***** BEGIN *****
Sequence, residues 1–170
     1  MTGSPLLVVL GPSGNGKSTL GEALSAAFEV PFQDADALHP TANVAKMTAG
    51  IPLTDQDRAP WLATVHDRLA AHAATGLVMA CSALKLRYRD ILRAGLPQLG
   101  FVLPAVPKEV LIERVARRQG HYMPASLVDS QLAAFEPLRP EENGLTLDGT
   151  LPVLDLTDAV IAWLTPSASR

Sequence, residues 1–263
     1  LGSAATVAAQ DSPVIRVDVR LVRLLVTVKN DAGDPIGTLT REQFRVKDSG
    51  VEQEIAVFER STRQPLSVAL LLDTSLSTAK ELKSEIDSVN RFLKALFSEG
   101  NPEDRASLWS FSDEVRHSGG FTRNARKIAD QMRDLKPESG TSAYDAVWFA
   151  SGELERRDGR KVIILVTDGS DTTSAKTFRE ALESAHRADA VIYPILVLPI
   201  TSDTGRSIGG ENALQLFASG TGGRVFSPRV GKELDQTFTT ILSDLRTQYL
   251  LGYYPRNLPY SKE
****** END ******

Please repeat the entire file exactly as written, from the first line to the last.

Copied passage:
Sequence, residues 1–170
     1  MTGSPLLVVL GPSGNGKSTL GEALSAAFEV PFQDADALHP TANVAKMTAG
    51  IPLTDQDRAP WLATVHDRLA AHAATGLVMA CSALKLRYRD ILRAGLPQLG
   101  FVLPAVPKEV LIERVARRQG HYMPASLVDS QLAAFEPLRP EENGLTLDGT
   151  LPVLDLTDAV IAWLTPSASR

Sequence, residues 1–263
     1  LGSAATVAAQ DSPVIRVDVR LVRLLVTVKN DAGDPIGTLT REQFRVKDSG
    51  VEQEIAVFER STRQPLSVAL LLDTSLSTAK ELKSEIDSVN RFLKALFSEG
   101  NPEDRASLWS FSDEVRHSGG FTRNARKIAD QMRDLKPESG TSAYDAVWFA
   151  SGELERRDGR KVIILVTDGS DTTSAKTFRE ALESAHRADA VIYPILVLPI
   201  TSDTGRSIGG ENALQLFASG TGGRVFSPRV GKELDQTFTT ILSDLRTQYL
   251  LGYYPRNLPY SKE